History of the Fair

The Granges of Boone County have been operating the Fair since 1957.

From Past to Present . . .

County Fairs are agricultural expositions first established in this country in 1841 when agricultural groups organized the first fairs in Syracuse, NY and Naper Settlement (Naper­ville), Ill. Food, both its production and enjoyment, has been the centerpiece of fairs since the beginning.

 

These local exhibitions promoted modern farming which included livestock judging; judging of produce, fruits, flowers, grains and dairy products; exhibits of new agricultural implements and techniques and various contests such as plowing which would eventually become tractor pulling competitions. Harness races would become a very popular part of agricultural fairs from about 1875 and on through the mid 1900s. We still feature harness races at the Boone County Fair.

 

The first county fair in Belvidere was held in 1855 in Big Thunder Park. In 1867 the fair was relocated to what is now Spencer Park which happened to be the same year the National Grange was founded.

 

The Grange (or Patrons of Husbandry) is the oldest agricultural organization in the United States being founded in 1867 to help organize the farmers after the Civil War. The Grange today is a family community service organization advocating for agriculture and rural America. There are seven local chapters of the National Grange in Boone County with more than 400 members.

 

Some members of the seven local chapters meet on a County level bi-monthly at what is known as the Boone County Pomona Grange. The Pomona Grange (or County Grange) has its own set of officers and committees. The Pomona Grange took over the operation of the Boone County Fair at what is now Spencer Park and formed the Boone County Fair Association in 1957.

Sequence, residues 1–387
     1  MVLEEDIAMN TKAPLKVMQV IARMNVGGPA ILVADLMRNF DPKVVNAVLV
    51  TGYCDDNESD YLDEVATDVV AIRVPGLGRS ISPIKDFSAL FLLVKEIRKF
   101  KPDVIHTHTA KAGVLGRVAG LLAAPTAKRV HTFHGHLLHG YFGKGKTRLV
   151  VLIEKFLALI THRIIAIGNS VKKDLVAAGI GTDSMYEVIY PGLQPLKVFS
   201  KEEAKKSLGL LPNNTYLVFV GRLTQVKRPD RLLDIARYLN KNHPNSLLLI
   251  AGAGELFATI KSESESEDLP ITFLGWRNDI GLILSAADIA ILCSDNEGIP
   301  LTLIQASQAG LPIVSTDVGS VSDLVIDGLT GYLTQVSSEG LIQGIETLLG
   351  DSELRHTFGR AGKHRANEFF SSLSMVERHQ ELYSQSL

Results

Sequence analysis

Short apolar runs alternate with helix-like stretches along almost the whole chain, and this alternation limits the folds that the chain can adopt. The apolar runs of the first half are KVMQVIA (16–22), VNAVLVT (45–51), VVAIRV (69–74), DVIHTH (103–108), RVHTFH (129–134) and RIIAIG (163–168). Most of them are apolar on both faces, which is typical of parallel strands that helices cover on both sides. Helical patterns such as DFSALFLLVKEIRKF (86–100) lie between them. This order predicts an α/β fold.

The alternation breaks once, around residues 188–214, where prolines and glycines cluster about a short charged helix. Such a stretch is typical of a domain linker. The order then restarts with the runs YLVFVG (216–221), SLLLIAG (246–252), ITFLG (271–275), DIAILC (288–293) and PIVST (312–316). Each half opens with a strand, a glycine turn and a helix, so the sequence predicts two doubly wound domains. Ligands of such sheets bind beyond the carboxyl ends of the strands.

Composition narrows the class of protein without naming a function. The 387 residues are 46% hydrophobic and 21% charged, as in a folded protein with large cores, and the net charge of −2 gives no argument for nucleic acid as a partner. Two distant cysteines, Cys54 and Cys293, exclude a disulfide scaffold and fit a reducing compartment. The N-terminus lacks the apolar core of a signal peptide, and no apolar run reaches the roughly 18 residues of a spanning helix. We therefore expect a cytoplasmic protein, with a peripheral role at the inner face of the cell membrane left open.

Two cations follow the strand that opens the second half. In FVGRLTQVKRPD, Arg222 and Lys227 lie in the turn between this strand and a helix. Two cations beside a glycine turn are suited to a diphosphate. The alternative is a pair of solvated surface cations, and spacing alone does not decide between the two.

After six years of operation the Pomona Grange found itself with a fair that needed new buildings and more land if it were to grow and succeed. With no prospects or money for either in November of 1962 the Pomona Grange members voted to make the 1963 fair their last one. But a month or two later and the Taylor sisters came forward with a reasonable offer to sell the Pomona Grange 84 acres on Route 76 about a mile north of Belvidere. A few Grange members came forward and offered their farms as collateral so the purchase of the land could be made.

Flash forward to 2014 and we have 153 acres with many buildings, barns and arenas making up Boone County Fairgrounds Park owned and operated by the Granges of Boone County. The four executive officers of the Boone County Fair Association (a 501(c)(3) organization) are elected by the members of the Pomona Grange and each of the 7 local chapters selects four members to be on the fair board.

 

So you can see the Boone County Fair has been a big part of the county for a long time. I can't speak for all fairs but at Boone County we are still a good place to do business with vendors of all types of equipment and supplies for agricultural purposes. But even urbanites can do business such as buy a car; buy landscaping services, water softeners, a new hat, or whatever.

 

Plus the fair is one large community fundraiser. Nearly every civic organization has a booth or provides a service at the fair to raise money. The 4-H clubs, The Lions, Cosmos, Boy Scouts, Church groups, County Fire departments, and yes, even the Granges are all here raising money for their various projects for the community.

 

 

But the centerpiece is still the livestock and non-livestock (home arts, fruits, vegetables, flowers, grains). We will have about 3,000 head of livestock, everything from rabbits to draft horses and 6,000 non-livestock entries, everything from quilts to corn to cakes to photos. Our superintendents do an outstanding job promoting participation in their various departments.

 

For the 4-H members it's a chance to show their talents, to learn to carry through on a project, to learn to raise and care for an animal and to show that animal and have the animal and themselves judged for their showmanship abilities.